Drink What You Know

When you think about it, rules for drinking are not so different from rules for writing. Many of these are so familiar they’ve become truisms: Write what you know. Write every day. Never use a strange, fancy word when a simple one will do. Always finish the day’s writing when you could still do more. With a little adaptation these rules apply just as well for drinking. Drink what you know, drink regularly rather than in binges, avoid needlessly exotic booze, and leave the table while you can still stand.

You could also substitute “drink” for “write” in these well-known examples of writerly wisdom. “An author ought to write for the youth of his generation” (Fitzgerald). “Write, damn you! What else are you good for?” (Joyce). “Writing is finally a series of permissions you give yourself to be expressive in certain ways. To leap. To fly. To fail” (Sontag).

$200 Textbook vs. Free. You Do the Math.

Publishers have started de-emphasizing the textbook in favor of selling a package of supporting materials like teaching aids and training. And companies like Houghton Mifflin have created internal start-ups to embrace technology and capture for themselves some of the emerging online business.

They are responding in much the same way traditional software makers did when open-source arrived, by trying to bundle subscription services around a core product that has been undercut.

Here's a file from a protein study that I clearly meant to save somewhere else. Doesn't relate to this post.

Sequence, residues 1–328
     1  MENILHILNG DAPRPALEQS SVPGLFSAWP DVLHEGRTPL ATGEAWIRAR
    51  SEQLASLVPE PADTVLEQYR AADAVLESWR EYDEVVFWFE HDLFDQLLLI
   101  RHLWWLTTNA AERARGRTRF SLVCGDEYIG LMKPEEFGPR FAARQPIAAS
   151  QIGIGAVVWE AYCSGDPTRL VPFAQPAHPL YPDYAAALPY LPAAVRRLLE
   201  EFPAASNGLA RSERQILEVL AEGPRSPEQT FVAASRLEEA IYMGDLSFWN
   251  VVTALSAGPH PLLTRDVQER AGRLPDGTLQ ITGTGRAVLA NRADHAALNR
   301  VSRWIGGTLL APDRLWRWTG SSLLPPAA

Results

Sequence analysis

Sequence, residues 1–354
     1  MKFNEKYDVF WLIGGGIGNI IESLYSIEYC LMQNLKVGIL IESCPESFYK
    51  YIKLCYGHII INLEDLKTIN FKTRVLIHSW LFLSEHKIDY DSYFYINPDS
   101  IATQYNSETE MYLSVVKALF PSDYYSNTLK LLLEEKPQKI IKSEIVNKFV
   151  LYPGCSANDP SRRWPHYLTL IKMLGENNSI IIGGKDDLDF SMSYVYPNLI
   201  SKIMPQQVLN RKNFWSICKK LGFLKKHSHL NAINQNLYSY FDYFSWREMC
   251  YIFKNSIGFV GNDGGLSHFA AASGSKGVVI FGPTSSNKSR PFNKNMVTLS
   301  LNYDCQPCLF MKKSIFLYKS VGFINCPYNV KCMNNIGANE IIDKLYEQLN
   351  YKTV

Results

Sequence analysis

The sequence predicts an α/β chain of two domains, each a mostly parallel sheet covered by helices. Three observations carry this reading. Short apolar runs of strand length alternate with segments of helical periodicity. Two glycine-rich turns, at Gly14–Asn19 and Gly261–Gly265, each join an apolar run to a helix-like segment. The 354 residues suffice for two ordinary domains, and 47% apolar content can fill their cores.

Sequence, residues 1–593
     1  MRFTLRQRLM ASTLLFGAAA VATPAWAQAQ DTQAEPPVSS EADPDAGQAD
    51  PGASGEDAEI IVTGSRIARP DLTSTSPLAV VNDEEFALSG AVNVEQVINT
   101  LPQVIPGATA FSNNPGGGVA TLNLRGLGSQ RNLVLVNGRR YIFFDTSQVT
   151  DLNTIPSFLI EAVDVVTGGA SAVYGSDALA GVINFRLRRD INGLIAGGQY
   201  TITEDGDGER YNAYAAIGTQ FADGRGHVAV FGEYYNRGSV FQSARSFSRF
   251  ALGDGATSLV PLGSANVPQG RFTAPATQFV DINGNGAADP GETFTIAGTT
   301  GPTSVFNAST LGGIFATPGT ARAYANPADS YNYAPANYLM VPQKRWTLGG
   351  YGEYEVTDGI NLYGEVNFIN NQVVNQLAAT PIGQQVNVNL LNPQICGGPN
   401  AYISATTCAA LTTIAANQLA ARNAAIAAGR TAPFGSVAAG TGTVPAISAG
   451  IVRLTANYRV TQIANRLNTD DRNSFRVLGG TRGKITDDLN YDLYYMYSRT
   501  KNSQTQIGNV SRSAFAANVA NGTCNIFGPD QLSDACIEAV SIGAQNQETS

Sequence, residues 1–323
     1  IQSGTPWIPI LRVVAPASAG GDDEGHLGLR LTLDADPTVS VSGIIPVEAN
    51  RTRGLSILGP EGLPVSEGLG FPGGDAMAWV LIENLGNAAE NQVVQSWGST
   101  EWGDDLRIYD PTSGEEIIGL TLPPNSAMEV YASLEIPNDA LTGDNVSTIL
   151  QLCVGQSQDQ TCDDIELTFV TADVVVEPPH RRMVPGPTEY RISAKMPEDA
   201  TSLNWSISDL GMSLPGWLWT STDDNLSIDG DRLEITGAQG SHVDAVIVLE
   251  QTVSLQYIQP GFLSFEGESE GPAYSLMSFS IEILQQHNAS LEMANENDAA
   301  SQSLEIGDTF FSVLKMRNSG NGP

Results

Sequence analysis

Beyond Indie

The band is well aware of the possibilities opened up by the Internet. “Hope that something pure can last,” Mr. Butler sings on the band’s new album, “The Suburbs” (Merge). “A lot of things like that end up being memos to myself,” Mr. Butler said. “I keep trying to remember the good things that get lost along the way and trying to apply those lessons to the way the world actually is.”

The Arcade Fire’s songs, credited to the whole band but largely written by Mr. Butler and his wife, Régine Chassagne, mingle the punky and the symphonic, the cryptic and the heart-on-sleeve, the self-doubting and the anthemic, often with surging crescendos that make the tunes optimistic despite themselves. It’s both a stomping rock band and a mini-orchestra, complete with string section, accordion or medieval hurdy-gurdy as needed.

Strange Cargo at Kennedy Airport

These images are from a set of 1,075 photographs — shot over five days last year for the book and exhibition, ‘‘Contraband’’ — of items detained or seized from passengers or express mail entering the United States from abroad at the New York airport. The miscellany of prohibited objects — from the everyday to the illegal to the just plain odd — attests to a growing worldwide traffic in counterfeit goods and natural exotica and offers a snapshot of the United States as seen through its illicit material needs and desires.